It took the International Accounting Standards Board approximately 4 years later to issue IFRS 13, which similar to FASB 157, breaks down the hierarchy of assets into three levels. The IASB new guidance on valuation was done in response to the 2007-08 global financial crisis and its goal is to bring greater detail and clarification to the pricing practices for all three levels of assets.  The importance of these boards’ actions should not be understated and every investor and firm should place greater emphasis in understanding and recognizing the type of assets they’re investing in.

Regardless of the asset level of the security in question, one should always verify for liquidity. Level 3 assets have the characteristic of illiquidity but this is not limited solely to that level of the hierarchy. Levels 1 and 2 assets may suffer from the same issue and ignoring this important characteristic may result in a firm not being able to meet the redemption requests of their clients. Furthermore, it will limit its flexibility of selecting the most appropriate security to meet any redemption requests. Lastly, there is an added complexity in valuing illiquid assets and their significance to holdings directly impacts the accuracy and reliability of the portfolio NAV.

Policies & Procedures

Firms with poor or no policies and procedures in place usually place themselves in a high risk situation with respect to valuation. Poor policies and procedures lead to firms erring in their valuation of holdings, performance, risk and strategy management. A set valuation policy is one that includes pricing practices, procedures, controls and encompasses all three levels of assets. Reviewing methodologies in valuation, verifying that regulatory requirements are met, comparing sale proceeds to their value prior to sale are just some examples of procedures required. In addition, documentation, application, treatment of special circumstances and training are controls that ensure that the policy is being followed correctly.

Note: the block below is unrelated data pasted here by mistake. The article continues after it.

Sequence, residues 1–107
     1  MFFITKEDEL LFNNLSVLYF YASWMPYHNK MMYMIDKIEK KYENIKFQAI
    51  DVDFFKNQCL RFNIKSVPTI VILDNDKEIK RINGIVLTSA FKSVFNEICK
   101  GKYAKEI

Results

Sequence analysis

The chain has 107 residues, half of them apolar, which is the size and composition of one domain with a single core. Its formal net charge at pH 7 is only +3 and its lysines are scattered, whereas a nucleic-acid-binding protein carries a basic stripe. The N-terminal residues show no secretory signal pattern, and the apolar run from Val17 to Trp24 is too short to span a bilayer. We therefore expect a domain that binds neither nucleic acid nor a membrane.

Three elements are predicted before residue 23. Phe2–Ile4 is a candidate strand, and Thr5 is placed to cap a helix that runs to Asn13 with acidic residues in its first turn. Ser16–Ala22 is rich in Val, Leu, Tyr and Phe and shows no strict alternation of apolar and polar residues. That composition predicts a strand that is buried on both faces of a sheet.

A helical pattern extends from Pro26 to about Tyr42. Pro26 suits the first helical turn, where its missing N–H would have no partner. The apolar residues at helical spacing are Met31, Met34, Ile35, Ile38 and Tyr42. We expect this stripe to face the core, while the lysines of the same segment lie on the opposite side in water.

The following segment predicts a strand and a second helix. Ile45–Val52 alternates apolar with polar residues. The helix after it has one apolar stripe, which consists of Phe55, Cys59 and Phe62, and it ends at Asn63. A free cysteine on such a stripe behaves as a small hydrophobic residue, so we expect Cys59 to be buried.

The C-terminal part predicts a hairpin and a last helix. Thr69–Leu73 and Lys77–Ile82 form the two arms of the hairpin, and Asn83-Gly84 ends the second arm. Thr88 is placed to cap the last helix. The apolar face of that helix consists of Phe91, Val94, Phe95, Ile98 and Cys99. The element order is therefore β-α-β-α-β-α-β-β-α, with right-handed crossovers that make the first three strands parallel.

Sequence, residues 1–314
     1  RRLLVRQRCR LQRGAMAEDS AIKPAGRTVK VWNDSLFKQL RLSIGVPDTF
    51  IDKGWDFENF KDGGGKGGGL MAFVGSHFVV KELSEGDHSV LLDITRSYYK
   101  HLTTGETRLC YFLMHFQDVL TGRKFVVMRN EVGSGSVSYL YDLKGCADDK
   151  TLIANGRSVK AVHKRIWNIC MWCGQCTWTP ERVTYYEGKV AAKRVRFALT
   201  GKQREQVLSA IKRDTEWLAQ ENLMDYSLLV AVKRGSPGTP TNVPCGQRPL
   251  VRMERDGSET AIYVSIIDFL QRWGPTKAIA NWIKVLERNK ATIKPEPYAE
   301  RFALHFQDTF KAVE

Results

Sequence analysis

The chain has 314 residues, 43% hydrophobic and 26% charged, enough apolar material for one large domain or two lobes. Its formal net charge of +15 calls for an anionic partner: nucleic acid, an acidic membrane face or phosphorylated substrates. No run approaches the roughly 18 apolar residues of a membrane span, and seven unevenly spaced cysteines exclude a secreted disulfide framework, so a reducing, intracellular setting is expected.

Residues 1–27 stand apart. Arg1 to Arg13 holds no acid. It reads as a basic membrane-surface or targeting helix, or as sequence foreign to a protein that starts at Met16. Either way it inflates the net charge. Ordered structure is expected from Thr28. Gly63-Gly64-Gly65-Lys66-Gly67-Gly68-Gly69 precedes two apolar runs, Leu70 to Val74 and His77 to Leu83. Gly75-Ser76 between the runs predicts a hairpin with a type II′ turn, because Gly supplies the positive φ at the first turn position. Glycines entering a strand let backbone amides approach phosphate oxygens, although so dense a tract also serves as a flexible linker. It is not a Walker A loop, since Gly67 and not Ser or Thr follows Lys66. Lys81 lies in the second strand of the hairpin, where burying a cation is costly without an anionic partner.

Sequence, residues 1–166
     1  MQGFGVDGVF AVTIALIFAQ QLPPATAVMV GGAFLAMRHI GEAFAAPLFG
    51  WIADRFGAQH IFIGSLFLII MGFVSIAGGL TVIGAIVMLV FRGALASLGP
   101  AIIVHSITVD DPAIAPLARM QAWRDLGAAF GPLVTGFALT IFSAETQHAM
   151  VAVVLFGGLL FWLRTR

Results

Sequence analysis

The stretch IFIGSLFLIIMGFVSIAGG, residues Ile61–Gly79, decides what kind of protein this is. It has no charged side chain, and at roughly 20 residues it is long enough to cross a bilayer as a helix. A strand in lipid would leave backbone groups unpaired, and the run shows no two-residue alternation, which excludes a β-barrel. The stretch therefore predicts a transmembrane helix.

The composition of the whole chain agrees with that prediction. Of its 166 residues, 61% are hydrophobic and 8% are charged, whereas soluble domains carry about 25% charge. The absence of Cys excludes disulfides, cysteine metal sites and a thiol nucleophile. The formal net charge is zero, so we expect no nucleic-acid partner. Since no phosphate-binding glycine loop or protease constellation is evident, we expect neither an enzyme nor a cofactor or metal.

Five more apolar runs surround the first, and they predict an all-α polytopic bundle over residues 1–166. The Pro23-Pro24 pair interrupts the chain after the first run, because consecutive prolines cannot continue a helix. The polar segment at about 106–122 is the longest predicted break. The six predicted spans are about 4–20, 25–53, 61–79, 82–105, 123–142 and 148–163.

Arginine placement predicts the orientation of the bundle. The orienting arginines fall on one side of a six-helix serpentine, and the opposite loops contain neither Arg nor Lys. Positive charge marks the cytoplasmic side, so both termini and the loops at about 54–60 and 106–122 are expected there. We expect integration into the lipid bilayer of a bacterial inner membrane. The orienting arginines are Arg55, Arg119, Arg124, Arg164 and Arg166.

Record keeping is an additional factor in valuation and is an important component of the policy and procedures. Documentation of issues and their resolutions, including the reasoning behind them, leads to an increase in transparency. Furthermore, all reviews and changes or non-changes for that matter to the policy, should be documented as well. This will provide the firm the leverage from learning from the past and avoiding repeating the same errors. With turnover or firm reorganization, documentation facilitates the transfer of knowledge and creates an awareness of the policy at all levels of the firm.

Having a valuation policy in place does not suffice alone; application is another important factor. The application of the policies and procedures must be done consistently and their interpretation must not be dependent on the situation. Any deviation from the policy should follow the procedures the firm had set prior to the special situation. Making decisions on-the-fly leaves to much room for error and is not an effective or efficient way of operating a firm.

Whether it is created internally or with the assistance of an outside consultant, every department of an investment firm should be involved in this process with the board taking an oversight role. Balance, independence and oversight are all key in the quality of a valuation policy.

Segregation of Duties & Board of Directors